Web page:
INCLINE VILLAGE, Nev. — At Thai Recipe, customers get a glimpse the Thai culture through the restaurant’s traditional décor, the smiling faces of the staff and the authentic cuisine.
Inside the restaurant are golden tapestries of elephants and large photographs of the Thai king, Bhumibol Adulyadej, hanging on the walls.
“Elephants are the symbol of Thailand, and the photos of the king are a thing of respect,” said restaurant manager Siri Manee Tebuteb.
While taking orders and serving food, the staff and chefs switch from speaking English with customers and Thai with each other.
Guidebooks and tourists often call Thailand the “land of smiles” because of the Thai people’s friendly and gentle demeanor, and the smiles so often spreading across their face. The same friendliness is found at Thai Recipe.
The cooks at Thai Recipe are natives of Bangkok, the country’s capital city. There the women learned the art of Thai cooking, at home and from working in hotels.
“We get a lot of customers who ask if the cooks are Thai,” said Siri. “I think they want it to be more authentic.”
The dishes come from recipes from the cookbook of the restaurant’s previous owner, Laeard Chongolnee, and replicate the authentically sweet and spicy food of the country. Thai Recipe cooks dishes according to customers’ tastes.
“It’s spicy but it’s not over the top,” said Siri. “It’s only on request that we make it very spicy.”
Cherry Soontornsuk, a cook at Thai Recipe, learned to cook from her aunt, Nuthjare Jumnianpat, also an employee at the restaurant. Nuthjare spent 10 years as a head cook in Bangkok before coming to Incline, and Cherry joined her aunt in the kitchen four years ago.
Although the kitchen has been a comfortable and familiar place for more than 20 years, the cold and mountain of Nevada were not. Cherry grew up in central Thailand, where the weather was hot and humid year-round.
It took some adjusting, she said, but now she is enjoying Incline Village.
“The weather is very good here, I like it a lot,” she said.
Statues of Buddha are placed throughout the restaurant. Next to each statue, customers can see full glasses of water and food offerings such as bananas, a bowl of rice or a small dessert.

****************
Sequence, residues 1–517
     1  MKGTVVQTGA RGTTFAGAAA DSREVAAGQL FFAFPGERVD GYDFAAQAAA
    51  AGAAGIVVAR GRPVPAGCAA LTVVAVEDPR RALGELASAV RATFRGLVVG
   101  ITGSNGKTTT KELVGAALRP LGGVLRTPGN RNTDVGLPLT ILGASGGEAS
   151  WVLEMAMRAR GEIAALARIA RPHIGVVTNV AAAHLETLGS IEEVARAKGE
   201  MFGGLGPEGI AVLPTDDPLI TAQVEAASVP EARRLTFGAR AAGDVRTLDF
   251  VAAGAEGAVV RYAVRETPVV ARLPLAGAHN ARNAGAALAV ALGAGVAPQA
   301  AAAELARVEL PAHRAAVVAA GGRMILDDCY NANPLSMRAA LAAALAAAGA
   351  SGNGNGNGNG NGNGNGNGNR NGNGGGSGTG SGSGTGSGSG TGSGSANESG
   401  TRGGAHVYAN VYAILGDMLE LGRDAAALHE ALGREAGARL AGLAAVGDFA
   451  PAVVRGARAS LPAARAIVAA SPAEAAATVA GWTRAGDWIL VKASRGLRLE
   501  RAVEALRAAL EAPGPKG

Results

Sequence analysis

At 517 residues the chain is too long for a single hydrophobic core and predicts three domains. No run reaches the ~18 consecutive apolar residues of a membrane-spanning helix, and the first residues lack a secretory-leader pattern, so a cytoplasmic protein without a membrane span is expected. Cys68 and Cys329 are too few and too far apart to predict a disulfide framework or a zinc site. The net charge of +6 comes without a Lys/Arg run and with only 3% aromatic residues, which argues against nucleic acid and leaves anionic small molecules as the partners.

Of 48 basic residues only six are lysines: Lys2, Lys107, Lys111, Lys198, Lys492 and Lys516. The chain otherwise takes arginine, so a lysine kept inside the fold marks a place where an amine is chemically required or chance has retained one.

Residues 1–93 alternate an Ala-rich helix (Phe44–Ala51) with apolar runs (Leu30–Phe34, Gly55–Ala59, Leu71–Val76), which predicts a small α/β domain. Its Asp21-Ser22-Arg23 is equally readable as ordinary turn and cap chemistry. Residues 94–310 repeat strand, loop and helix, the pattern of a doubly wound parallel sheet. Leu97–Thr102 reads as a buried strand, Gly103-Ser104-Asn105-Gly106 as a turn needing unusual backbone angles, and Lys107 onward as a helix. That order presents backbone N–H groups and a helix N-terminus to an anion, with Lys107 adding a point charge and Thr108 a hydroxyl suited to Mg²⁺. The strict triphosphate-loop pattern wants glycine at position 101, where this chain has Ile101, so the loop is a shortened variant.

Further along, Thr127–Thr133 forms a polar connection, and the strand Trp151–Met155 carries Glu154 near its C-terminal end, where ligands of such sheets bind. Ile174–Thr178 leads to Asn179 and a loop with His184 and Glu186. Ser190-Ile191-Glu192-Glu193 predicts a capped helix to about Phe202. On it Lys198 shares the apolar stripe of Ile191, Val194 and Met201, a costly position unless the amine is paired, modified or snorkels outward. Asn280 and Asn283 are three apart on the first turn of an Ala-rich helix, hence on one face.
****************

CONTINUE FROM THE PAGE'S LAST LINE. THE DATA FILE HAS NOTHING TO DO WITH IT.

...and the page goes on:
The offerings are made daily, Siri said, and are a custom of the Thai culture. Preparing the offerings and saying a prayer are a part of opening of the restaurant each day.
“We want to make sure customers are comfortable,” Siri said. “We space the tables far enough apart and play Thai music. We want to make them feel like they’re in a Thai restaurant.”
Thai Recipe has been in the same location on Tahoe Boulevard for 10 years, serving pad Thai, tom ka gai and spring rolls.
The restaurant was purchased by Philip Parent and his wife, Saiyut, in 2011. Siri manages the restaurant for her aunt and also commutes to Reno for school. The young woman studies Community Health Science at the University of Nevada, Reno.
Siri said it is normal to miss the true tastes of Thailand, as many ingredients are difficult to find locally. Outside of the restaurant, Thai expats cultivate the sense of home in the company of each other. Employees from Thai Recipe and the Hyatt make an effort to spend time with each other on their days off.
“We stay together and connect with each other,” Siri said. “We get together and share culture.”
Thai Recipe offers a daily lunch special on weekdays and take-out everyday of the week. Pad Thai is the most commonly ordered dish in the restaurant, but Siri suggests those familiar with Thai food to try new thing: gangsom, which is a hot and sour soup with some spice and the curry pastes are made from scratch.
Thai Recipe is open seven days a week, lunch from 11 a.m. to 3 p.m. and dinner from 5 p.m. to 9 p.m.
Jenny Luna is a freelance reporter for the North Lake Tahoe Bonanza and Sierra Sun newspapers. She may be reached at email@example.com.
“We want to make sure customers are comfortable … We want to make them feel like they’re in a Thai restaurant.”
Siri Manee Tebuteb